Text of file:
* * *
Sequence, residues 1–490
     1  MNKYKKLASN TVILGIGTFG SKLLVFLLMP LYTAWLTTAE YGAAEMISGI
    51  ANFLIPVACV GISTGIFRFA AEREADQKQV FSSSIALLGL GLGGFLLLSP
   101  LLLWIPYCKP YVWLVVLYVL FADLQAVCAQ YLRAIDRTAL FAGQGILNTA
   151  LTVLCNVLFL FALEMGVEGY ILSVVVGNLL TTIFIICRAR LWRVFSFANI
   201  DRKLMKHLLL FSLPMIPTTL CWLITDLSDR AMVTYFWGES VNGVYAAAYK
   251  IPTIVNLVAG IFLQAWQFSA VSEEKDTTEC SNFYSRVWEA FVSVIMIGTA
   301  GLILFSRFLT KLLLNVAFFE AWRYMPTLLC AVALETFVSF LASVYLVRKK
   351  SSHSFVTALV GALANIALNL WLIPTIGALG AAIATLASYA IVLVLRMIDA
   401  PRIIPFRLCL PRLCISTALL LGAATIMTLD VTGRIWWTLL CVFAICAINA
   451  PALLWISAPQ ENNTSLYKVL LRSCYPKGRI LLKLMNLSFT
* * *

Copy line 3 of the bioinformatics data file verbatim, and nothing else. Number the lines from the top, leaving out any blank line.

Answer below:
    51  ANFLIPVACV GISTGIFRFA AEREADQKQV FSSSIALLGL GLGGFLLLSP